Wimbledon: Novak Djokovic waltzes through to quarterfinals

The three-time champion defeats Russia's Karen Khachanov 6-4, 6-2, 6-2.

Novak Djokovic will next face Japan's Kei Nishikori.   -  AFP

Novak Djokovic reached the Wimbledon quarterfinals for the 10th time with a 6-4, 6-2, 6-2 win over Russia's Karen Khachanov.

“He's got weapons, a big serve and a big forehand,” said Djokovic of the World No. 40.

“I got a lot of first serves in, made him hit the extra ball. I served well when I needed to. It was difficult in the last few games. It was dark so I couldn't see the ball that well and it was very windy.”

Three-time champion Djokovic, seeded 12, will next face Japan's 24th seed Kei Nishikori. It will be Djokovic's 41st appearance in a Grand Slam quarterfinal and he will start favourite against Nishikori who will be in his first last-eight at the All England Club.

Former World No. 1 Djokovic has a 13-2 winning record against the Japanese player.

'Big war'

Nishikori overcame a right arm injury to reach his first Wimbledon quarterfinal with a gritty 4-6, 7-6 (7/5), 7-6 (12/10), 6-1 win over Latvian qualifier Ernests Gulbis. “It's always like a big war for me when I play Novak. I always enjoy playing against him,” said Nishikori, who has beaten the Serb just twice in 15 meetings.

Although the two have never met on grass, Nishikori is still hamstrung by the knowledge that the last of his two wins against the Serb was in 2014 in a memorable semifinal victory at the US Open.

'One of the best'

“Maybe I don’t have good results or good record with him, but I always enjoy playing him.He’s one of the best players on the tour,” Nishikori said.

Adding to Nishikori’s problems is a worrying right arm injury which required extensive treatment and a medical time-out in his win over Gulbis, the man who had put out fourth seed Alezander Zverev in the third round. “My elbow was bothering me little bit,” admitted Nishikori. “From the second, it got better and I just tried to stay calm and fight every game.”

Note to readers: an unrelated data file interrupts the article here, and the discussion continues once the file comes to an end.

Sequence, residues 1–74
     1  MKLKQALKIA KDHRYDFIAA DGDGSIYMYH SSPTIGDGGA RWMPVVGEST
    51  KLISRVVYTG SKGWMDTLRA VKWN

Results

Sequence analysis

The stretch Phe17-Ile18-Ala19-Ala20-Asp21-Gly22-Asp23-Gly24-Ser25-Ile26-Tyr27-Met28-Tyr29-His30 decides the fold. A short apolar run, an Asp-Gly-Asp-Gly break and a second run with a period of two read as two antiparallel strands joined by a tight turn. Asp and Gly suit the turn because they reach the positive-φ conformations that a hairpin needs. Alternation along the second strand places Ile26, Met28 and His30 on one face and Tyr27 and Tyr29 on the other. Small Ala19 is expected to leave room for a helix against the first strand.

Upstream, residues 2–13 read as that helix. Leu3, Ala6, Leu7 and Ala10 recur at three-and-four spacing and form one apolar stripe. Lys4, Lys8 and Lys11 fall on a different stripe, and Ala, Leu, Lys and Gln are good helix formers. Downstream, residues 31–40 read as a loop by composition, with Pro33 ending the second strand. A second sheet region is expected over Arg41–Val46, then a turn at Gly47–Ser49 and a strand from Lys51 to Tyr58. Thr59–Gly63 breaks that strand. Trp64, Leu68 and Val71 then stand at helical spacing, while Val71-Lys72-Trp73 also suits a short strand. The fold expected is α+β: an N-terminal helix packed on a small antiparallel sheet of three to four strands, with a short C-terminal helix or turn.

Djokovic's match against Nishikori will fall on the first anniversary of him having to retire from his 2017 quarterfinal against Tomas Berdych with an elbow injury. That precipitated a lengthy absence from the tour and a worrying dip in form and confidence. However, the 31-year-old has looked back to something approaching his best at Wimbledon. “I like my chances against Nishikori,” said Djokovic.

'Physically, mentally ready'

He added: “I played very well in Queen’s (where he finished runner-up) coming into Wimbledon. I haven’t spent too much time on the court. I feel physically, mentally ready, fit, positive.”

Djokovic’s run to the Queen’s final on the eve of Wimbledon was his first appearance in a championship match since Eastbourne almost 12 months earlier. That was a boost after a shock quarterfinal exit at the French Open to World No. 72 Marco Cecchinato of Italy.

“I didn’t feel comfortable on the court for long time. Indian Wells, Miami, most of the clay court season,” added Djokovic.

“I just had to go back to basics and hit as many balls as I can on the practice courts, just get that feel. Also psychologically obviously, I was so fortunate to have so much success on the tour over the course of 10-plus years. I was top three player for so many years in a row, it was quite a strange feeling for me not to be able to deliver my game. But things are looking much better in the last month and a half.”

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